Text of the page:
PS: What do you tell people who are interested in manufacturing but who say, "You know what, the real value of wages hasn't really changed in 40 years"?

EY: I think there's two sides to that, in that manufacturers themselves—and this is a broad brush I'm painting with—they have to be competitive in terms of the wages they offer if they want to stop moaning about, "I can't get anybody to take this job." They have a responsibility to bear in the challenge. The other challenge is the people who go after these jobs, they need to be educated and prepared to take them. The number of people who are pursuing, for example, tool and die careers is very small, so you're not going to have a high wage issue. The other thing I think is if you look at 1975—I was 13—I believe it's right in the '70s the education system was strongly moving away from vocational-type education offerings into four-year university college-prep style of education. So therefore we automatically encouraged people not to want to go into these careers, and I think that's part of the equation. I would bet if we looked, right around that time vocation programs really were in decline because the cost and liability of maintaining those types of programs was quite high.

PS: In terms of concerns people have about manufacturing careers, what do you think are the biggest worries? Wages, outsourcing, automation, quality-of-life issues?

EY: I would say outsourcing is probably the biggest issue if you're a parent looking at whether to encourage your child to go into (a manufacturing career). I majored in economics and went into banking after college. I would not want to be in the banking industry, because there's probably layoffs in the banking industry—as you watch these larger banks continue to shrink in size, that certainly has been no safer of an avenue than manufacturing.

The interesting thing—it's not technology (that's a concern), because there are some really neat things happening in the world of technology, such as the Internet of Things. In the plant MRO industry, that's really nothing new. If you look at the predictive maintenance capabilities of the motor companies who do online monitoring, they're out in front of the curve, they just didn't have a sexy name for it. But that's a very exciting name and concept that GE is betting billions and billions of dollars is the future of manufacturing in having systems of equipment talk to one another up and down the supply chain. Full disclosure, last year they invited me to moderate a panel on the industrial Internet of Things. It was an interesting stretch for me to try to educate myself on it. In my particular industry, the Internet of Things is very, very far off. However, General Electric does not bet billions of dollars on something that is not going to happen.

I'm watching that trend, because that connectivity, along with having technology-native young people come into the workforce, they'll be able to understand and tap into that and really maximize those opportunities better than the current generation of workers can.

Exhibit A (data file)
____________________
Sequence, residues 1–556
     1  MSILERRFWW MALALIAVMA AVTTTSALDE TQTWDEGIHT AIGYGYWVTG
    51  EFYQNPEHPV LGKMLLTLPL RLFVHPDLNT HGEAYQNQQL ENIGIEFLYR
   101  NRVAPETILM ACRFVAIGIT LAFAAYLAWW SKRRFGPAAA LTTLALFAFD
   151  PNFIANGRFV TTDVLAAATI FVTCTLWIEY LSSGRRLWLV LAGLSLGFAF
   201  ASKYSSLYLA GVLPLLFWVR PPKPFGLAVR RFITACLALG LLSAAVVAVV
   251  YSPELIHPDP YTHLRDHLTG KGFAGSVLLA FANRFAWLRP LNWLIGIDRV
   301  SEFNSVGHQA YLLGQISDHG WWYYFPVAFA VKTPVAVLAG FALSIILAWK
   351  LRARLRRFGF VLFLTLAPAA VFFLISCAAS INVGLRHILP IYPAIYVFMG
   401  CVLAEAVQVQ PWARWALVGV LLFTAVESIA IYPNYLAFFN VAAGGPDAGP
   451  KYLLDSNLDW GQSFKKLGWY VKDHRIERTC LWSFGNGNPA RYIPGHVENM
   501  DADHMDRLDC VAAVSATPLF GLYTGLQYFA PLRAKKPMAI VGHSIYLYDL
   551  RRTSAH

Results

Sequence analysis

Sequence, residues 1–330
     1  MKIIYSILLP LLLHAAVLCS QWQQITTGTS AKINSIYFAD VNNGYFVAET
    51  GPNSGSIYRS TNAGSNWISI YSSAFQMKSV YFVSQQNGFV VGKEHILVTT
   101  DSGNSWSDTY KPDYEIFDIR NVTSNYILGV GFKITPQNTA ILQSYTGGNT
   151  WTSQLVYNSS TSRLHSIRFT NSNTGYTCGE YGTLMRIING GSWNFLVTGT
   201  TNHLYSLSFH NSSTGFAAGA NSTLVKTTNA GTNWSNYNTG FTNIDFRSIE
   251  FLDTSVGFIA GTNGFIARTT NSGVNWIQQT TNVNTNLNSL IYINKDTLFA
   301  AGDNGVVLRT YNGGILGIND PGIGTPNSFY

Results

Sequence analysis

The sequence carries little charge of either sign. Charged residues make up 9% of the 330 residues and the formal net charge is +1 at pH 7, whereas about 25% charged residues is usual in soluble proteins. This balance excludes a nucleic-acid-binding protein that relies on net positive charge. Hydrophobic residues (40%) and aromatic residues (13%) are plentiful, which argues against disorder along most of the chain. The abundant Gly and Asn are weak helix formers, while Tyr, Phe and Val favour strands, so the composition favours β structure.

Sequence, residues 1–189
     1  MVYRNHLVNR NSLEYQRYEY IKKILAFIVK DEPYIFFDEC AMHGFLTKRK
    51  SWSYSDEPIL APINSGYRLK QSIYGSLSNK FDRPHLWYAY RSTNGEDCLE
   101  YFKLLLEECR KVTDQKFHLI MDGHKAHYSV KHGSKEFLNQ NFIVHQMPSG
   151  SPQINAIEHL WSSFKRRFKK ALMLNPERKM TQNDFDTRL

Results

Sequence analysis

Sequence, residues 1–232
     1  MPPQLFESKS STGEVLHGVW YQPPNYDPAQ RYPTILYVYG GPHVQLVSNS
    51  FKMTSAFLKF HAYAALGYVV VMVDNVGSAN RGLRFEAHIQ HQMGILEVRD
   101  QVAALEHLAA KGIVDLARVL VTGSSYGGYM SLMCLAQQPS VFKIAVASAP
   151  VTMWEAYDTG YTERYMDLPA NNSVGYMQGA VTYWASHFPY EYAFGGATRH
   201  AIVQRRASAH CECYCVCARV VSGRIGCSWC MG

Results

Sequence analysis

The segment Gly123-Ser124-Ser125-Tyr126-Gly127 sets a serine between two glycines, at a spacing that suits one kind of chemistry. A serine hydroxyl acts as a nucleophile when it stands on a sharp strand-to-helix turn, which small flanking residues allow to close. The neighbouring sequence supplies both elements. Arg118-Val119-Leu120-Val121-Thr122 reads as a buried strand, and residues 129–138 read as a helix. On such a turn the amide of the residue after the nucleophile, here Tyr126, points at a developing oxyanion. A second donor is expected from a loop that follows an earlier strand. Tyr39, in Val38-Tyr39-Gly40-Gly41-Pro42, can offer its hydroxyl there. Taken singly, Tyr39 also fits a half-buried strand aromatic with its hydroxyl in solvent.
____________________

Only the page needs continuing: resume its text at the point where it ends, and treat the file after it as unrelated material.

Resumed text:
PS: What do you think really excites this new manufacturing workforce?

EY: I was at a summer manufacturing camp yesterday for middle-school kids. To hear the kids talk about, "Hey, I just got to weld! I never thought I'd be welding!"—that is the coolest thing ever. Putting a kid on a press brake and bending a part into the shape…they're building race cars that use a 7-inch grinder as the power source and then they plug it into an extension cord that runs 100 feet—it's really a great idea.

When the oil and gas industry was, a year ago, really cranking out the investment, welders were making six figures if you're out in the oil fields in South Dakota. It's hard work but it's very lucrative. If you look at user interface technology, technology that includes some type of user interface device, in my opinion that is the next battleground in terms of preference in the workforce. If you can get that secret sauce right for the intuitive nature of the future workforce…kids expect to have technology. Because even in the schools now in many cases they have access to laptops and Chromebooks and things like that, and I believe there is an expectation that they will use these things in their jobs.

PS: As part of Manufacturing Day, are you doing any outreach with those teams in particular—teams on the IT side, for example?

EY: I can't say that we are, but I can't say that we aren't. The nature of Manufacturing Day is that it's really intended for the manufacturer to make it the way they think it should be. That's really the great, grassroots nature of it. You don't even have to do it on October 2; we'd love it if you did, but just be sure to do a day and register it on our site. We started with 240 events three years ago and last year we had 1,650, in all 50 states. We think we'll get close to 2,500 this year. We got the president to do a proclamation for us last year. It continues to grow in its influence. The nature of allowing the manufacturer to decide what the day will be I think is kind of the secret sauce for us. We have a number of tools that we provide for hosts, ideas and videos that they can show and suggestions for how they can reach out to the press, but the theme is certainly all theirs.

PS: Looking five years down the line, how do you think the pressure points for manufacturing will have changed?

EY: I think the career path for technical schools and community colleges is going to grow in importance in the face of the cost of four-year universities. People are going to make the decision because of the student-loan debt problem that that is a more cost-effective path, and it gets me into the workforce faster. That is a trend I truly believe we should watch, and that will only grow in its importance.

PS: Do you have any plans as part of Manufacturing Day to become more involved in school efforts or establish new partnerships with technical schools or community colleges?

EY: We invites schools all over the country to participate. We have a number of community colleges that host events. Here in the Rockford area, we had 10 busloads of high school kids last year that were taken on 20 plant tours. That's an ongoing effort. In Dayton, OH, we had 1,500 kids that toured plants last year over the course of three days. It's pretty powerful stuff.